Our role is not going to end after the design process. Actually, during the Design Development and Detail Design process of the Project, MAA will take an important role to develop the BIM (Building Information Model) system which will be one of the most important things to define the construction methodology. Ideally during construction phase MAA will allow a rich data exchange to happen through this BIM system between the Robots and Architecture Model.
So different types of robots will use different types of data to construct. Such as, a team of robots will assemble the museum’s curved metal facade while saving time and money. Led by building information modeling (BIM) system, they will mold, assemble, weld and polish the metal plates. Another team of robots will 3D print concrete for the surrounding landscape. Drones will also take part in building inspections, providing visual materials for client and staff monitoring on-site activities and controlling robotic construction vehicles.”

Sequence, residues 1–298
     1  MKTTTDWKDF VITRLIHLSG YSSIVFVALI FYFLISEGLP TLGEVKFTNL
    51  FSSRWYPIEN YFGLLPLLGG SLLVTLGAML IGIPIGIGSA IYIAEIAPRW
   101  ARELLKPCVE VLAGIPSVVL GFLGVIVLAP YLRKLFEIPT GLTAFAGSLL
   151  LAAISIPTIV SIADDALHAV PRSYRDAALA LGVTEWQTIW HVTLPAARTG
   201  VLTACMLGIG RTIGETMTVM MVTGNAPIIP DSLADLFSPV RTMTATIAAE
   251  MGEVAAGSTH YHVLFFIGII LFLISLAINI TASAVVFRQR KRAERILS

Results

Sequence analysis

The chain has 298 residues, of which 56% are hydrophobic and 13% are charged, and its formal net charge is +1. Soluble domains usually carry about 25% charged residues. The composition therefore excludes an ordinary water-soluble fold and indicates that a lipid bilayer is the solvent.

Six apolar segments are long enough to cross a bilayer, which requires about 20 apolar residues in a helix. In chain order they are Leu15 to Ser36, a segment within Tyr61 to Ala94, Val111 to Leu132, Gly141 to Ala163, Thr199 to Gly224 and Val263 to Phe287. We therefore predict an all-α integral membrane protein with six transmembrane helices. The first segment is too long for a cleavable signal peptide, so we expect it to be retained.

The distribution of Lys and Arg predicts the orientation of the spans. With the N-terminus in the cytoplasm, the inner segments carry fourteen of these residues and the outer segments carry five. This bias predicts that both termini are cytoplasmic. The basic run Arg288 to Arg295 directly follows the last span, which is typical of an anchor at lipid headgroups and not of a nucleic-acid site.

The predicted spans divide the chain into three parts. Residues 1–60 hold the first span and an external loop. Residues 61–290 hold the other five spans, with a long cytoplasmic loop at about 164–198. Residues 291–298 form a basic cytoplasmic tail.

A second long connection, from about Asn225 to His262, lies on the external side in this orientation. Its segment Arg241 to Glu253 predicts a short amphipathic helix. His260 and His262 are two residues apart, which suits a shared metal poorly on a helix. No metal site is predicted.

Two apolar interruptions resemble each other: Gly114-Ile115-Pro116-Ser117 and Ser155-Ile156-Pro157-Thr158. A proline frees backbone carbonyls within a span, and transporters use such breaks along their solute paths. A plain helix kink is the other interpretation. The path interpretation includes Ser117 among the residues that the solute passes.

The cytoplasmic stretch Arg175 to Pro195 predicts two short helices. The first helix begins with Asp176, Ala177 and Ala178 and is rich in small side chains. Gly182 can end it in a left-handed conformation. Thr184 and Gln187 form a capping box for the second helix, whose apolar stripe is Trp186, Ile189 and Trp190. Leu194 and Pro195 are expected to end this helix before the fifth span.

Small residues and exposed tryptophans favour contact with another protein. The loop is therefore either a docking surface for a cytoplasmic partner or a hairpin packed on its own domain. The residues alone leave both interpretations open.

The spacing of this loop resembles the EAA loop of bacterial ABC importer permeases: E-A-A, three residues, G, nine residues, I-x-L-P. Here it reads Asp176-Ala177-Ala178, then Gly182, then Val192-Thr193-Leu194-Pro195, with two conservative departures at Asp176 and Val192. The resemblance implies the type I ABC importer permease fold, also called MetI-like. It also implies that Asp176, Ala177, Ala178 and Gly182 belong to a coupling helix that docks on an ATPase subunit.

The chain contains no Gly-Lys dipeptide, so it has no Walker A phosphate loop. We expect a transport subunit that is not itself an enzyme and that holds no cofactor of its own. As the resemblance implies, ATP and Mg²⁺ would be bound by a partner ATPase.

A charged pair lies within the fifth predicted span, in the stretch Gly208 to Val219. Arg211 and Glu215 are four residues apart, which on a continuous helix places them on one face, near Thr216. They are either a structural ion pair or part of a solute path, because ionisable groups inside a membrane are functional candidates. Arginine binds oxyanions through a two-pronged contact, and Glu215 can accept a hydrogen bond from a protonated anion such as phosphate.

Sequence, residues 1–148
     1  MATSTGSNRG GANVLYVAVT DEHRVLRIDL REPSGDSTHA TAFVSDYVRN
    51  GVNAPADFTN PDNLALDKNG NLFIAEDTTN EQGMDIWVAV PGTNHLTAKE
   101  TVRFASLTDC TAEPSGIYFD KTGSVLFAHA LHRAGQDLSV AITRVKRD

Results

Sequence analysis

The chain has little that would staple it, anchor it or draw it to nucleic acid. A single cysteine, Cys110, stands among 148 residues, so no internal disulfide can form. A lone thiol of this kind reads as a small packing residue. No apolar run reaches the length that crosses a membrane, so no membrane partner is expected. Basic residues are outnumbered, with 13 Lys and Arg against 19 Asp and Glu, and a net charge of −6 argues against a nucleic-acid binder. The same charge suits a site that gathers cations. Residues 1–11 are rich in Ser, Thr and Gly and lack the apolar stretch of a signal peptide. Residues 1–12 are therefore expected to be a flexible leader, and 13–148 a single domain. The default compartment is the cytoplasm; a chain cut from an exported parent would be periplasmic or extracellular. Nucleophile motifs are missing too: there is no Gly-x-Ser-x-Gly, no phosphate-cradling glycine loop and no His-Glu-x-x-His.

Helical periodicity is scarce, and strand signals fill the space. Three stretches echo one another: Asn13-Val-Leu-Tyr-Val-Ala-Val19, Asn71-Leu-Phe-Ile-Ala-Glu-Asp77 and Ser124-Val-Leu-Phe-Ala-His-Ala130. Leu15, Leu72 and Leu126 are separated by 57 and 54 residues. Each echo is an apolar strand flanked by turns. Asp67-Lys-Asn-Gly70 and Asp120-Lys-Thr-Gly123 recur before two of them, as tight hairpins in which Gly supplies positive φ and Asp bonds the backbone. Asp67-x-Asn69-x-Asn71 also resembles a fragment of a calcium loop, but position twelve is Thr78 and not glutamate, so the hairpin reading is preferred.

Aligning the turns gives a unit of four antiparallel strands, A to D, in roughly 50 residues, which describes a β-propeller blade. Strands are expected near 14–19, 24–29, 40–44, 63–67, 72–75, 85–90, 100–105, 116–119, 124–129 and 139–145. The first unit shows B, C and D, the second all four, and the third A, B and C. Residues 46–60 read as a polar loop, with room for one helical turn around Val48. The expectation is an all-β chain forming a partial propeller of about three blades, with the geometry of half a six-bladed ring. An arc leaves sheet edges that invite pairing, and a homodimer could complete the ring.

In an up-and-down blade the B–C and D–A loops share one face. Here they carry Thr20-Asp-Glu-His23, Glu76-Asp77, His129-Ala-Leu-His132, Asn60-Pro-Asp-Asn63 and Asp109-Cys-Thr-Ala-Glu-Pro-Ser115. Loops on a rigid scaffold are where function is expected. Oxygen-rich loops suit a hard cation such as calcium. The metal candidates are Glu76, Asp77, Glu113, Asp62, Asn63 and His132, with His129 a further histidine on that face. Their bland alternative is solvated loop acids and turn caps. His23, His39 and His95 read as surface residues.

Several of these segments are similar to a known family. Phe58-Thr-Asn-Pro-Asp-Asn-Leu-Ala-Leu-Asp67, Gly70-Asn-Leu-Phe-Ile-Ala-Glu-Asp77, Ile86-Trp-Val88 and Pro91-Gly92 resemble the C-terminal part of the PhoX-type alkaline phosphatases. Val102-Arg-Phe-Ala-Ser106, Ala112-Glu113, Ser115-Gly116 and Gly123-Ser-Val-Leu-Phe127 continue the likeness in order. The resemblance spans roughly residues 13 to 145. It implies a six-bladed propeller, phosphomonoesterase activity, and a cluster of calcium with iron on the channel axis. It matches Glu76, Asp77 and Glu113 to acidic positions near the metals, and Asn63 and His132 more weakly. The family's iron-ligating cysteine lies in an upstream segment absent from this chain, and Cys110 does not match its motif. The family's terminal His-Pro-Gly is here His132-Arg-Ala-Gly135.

What kind of marketing and promotion techniques do you rely on the most?
Melike Altınışık: “Honestly, we do not use any promotion tools. I, personally, do not believe “marketing” in architecture. We carry a deep passion and love for researching, rethinking and creating processes.
Approaching new ideas, launching new products, publishing op-ed pieces online and submitting to global architecture and design competition is the way we promote our “work”, I guess. By nature. Rather than working with a PR team, we do get consulting from a group of editors.”
Unlimited budget, unlimited resources: what is the project MAA would develop? What would it look like?
Melike Altınışık: “We would like to develop a responsive and lightweight material for the built environment. This way we could really achieve our ultimate goal to create the dialogue between nature and architecture with technology.”